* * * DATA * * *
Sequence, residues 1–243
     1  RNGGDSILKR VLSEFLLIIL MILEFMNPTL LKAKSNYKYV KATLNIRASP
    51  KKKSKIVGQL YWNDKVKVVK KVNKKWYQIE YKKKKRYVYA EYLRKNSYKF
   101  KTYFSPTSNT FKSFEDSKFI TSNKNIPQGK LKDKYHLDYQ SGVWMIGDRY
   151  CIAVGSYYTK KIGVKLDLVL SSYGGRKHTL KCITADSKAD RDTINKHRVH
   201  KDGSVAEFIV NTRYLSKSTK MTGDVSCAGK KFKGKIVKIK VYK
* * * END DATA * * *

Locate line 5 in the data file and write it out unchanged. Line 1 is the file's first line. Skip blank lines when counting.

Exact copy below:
   151  CIAVGSYYTK KIGVKLDLVL SSYGGRKHTL KCITADSKAD RDTINKHRVH